Also see Using Serialized Value Lists for a complete discussion of the GetList() method, which fetches a node value as a ValueList. This class is a serialized list that can store any supported datatype, including a nested ValueList.
Fetching Values of Known Datatype
The following NodeReference methods assume that the node value is numeric, and attempt to convert it to an appropriate .NET variable.
The numeric fetch methods will throw UndefinedException if the target node is valueless or does not exist. All of them can take optional subscript arguments to access a subnode of the target node (see Addressing a Subnode of the Target).
In the Caché database, String, byte[], and ValueList objects are all stored as strings, and no information about the original datatype is preserved. The following NodeReference methods fetch String data and return it in the desired format:
The string fetch methods assume that the node value is non-numeric, and attempt to convert it appropriately. They return null if the target node is valueless or does not exist. These methods do not perform any type checking, and will not usually throw an exception if the node value is of the wrong datatype.
Important:
Fetch methods do not check for incompatible datatypes
These methods are optimized for speed, and never perform type checking. Your application should never depend on an exception being thrown if one of these methods attempts to fetch a value of the wrong datatype. Although an exception may be thrown, it is more likely that the method will return an inaccurate or meaningless value.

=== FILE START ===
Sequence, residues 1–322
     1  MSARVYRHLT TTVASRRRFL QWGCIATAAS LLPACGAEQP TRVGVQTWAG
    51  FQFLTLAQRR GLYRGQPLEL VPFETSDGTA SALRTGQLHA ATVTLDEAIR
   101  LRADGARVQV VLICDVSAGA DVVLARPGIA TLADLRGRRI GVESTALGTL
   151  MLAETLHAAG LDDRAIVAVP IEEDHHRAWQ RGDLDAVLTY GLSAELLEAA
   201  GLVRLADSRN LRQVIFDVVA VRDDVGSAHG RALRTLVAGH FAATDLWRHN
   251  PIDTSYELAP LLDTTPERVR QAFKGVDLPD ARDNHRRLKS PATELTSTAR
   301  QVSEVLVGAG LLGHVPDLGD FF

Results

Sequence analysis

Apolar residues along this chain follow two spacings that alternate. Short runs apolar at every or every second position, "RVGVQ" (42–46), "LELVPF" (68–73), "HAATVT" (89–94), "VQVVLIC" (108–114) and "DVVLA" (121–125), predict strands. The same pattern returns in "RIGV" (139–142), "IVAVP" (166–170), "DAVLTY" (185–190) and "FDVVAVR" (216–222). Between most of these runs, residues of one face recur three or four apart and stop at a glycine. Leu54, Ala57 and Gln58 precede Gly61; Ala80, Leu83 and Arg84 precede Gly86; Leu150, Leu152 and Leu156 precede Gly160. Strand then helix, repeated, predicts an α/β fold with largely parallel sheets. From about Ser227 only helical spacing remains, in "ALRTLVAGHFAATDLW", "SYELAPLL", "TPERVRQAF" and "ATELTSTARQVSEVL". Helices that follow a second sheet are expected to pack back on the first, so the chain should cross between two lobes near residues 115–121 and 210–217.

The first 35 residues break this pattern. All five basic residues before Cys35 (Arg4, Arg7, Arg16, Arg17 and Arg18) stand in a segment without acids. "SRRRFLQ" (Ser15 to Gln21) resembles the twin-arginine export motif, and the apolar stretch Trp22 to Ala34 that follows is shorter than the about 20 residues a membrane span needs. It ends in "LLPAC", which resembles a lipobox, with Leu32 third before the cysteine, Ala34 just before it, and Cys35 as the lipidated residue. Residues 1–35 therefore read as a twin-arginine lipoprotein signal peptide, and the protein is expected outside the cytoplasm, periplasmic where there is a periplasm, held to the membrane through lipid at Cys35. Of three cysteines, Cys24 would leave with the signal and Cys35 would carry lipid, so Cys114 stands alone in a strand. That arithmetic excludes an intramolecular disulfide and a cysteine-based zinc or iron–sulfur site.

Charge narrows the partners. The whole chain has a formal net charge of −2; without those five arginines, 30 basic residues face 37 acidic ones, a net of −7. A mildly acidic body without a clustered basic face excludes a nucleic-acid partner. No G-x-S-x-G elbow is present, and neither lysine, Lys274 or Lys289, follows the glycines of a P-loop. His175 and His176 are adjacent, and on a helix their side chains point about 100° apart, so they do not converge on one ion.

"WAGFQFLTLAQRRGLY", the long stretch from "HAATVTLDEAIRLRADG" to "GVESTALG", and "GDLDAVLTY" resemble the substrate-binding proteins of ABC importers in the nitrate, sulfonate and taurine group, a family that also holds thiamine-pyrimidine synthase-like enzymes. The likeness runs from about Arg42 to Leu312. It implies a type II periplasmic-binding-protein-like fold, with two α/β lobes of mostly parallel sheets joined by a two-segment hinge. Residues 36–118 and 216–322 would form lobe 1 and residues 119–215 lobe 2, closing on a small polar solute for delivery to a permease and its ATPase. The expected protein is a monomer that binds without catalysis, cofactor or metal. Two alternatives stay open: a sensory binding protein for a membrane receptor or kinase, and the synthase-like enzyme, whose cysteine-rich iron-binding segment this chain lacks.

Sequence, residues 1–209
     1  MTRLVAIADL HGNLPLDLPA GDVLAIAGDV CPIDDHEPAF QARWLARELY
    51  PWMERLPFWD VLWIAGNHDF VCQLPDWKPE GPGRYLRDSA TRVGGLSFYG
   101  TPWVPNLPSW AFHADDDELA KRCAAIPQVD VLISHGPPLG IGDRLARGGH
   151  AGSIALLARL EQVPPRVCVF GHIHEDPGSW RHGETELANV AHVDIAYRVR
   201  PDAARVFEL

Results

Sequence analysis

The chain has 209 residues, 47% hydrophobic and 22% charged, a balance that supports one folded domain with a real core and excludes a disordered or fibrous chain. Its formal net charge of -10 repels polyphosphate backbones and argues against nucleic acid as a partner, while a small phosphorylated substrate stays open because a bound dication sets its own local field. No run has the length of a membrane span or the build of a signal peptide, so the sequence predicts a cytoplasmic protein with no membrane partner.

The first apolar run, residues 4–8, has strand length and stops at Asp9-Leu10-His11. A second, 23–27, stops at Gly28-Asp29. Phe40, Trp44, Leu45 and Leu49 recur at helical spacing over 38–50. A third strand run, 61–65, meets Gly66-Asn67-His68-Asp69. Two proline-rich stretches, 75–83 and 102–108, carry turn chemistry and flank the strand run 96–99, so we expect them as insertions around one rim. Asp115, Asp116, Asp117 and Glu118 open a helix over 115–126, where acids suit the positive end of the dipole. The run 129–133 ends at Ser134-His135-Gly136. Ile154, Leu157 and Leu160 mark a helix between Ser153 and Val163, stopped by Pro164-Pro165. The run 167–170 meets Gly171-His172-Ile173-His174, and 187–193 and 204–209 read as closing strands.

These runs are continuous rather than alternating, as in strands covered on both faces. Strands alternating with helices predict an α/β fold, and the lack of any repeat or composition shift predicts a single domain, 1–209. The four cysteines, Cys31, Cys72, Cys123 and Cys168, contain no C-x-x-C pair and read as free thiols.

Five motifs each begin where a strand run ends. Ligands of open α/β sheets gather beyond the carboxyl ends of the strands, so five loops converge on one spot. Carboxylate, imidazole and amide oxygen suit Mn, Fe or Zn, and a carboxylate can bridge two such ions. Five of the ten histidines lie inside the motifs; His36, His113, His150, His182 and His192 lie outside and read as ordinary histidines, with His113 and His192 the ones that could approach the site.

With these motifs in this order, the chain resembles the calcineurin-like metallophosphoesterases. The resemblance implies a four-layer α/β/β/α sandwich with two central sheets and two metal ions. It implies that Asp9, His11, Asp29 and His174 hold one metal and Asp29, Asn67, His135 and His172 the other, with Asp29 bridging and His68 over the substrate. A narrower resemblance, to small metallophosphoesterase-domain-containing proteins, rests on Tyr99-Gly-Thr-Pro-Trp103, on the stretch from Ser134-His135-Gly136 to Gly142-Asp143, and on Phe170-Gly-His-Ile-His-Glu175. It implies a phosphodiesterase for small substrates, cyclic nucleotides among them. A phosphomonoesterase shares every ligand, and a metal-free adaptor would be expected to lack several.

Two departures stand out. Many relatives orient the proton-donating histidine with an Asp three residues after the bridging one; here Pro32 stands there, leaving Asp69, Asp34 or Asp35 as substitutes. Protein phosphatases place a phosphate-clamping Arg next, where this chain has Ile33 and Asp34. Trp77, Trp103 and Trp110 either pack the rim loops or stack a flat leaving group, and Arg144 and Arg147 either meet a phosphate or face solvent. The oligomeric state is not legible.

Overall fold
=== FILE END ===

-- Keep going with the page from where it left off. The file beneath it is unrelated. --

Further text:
Given an int value, all numeric methods return meaningful values. The GetInt() and GetLong() methods cannot be applied to double values with reliable results, and may throw an exception for some double values.
Fetching Node Values: Using GetInt(), GetLong(), and GetDouble()
  nodeRef.Set(23);
  int intVal = nodeRef.GetInt();   // returns 23
  long longVal = nodeRef.GetLong();   // returns 23
  double doubleVal = nodeRef.GetDouble();   // returns 23.0

  nodeRef.Set(10.1234);
  doubleVal = nodeRef.GetDouble();   // returns 10.1234
// Do not use GetInt() or GetLong() to fetch double values!
Binary data can be stored as an array of byte and fetched with GetBytes(). The following example creates a byte array and prints it out as a list of unsigned integer values. For convenience, this example uses byte values that correspond to characters.
Fetching Node Values: Using GetBytes()
  byte[] testBytes = {(byte)'C',(byte)'a',(byte)'c',(byte)'h',(byte)'é'};
  nodeRef.Set(testBytes);
  Console.Write("Bytes fetched as byte[]:");
  byte[] outBytes = nodeRef.GetBytes();
  for (int ii = 0; ii < outBytes.Length; ii++) {
    Console.Write(" " + ((int)outBytes[ii] & 0xff));  // get byte as unsigned int
  }
  Console.WriteLine();
  // prints: Bytes fetched as byte[]: 67 97 99 104 233
By default, byte values greater than 127 are interpreted as negative numbers. This example masks each byte with 0xff to produce an unsigned integer for printing.
Fetching Values of Unknown Datatype
If a node has a value of datatype int, long, double, or String, the node value can be returned as an Object and cast to the appropriate datatype. The following method of NodeReference returns Object values: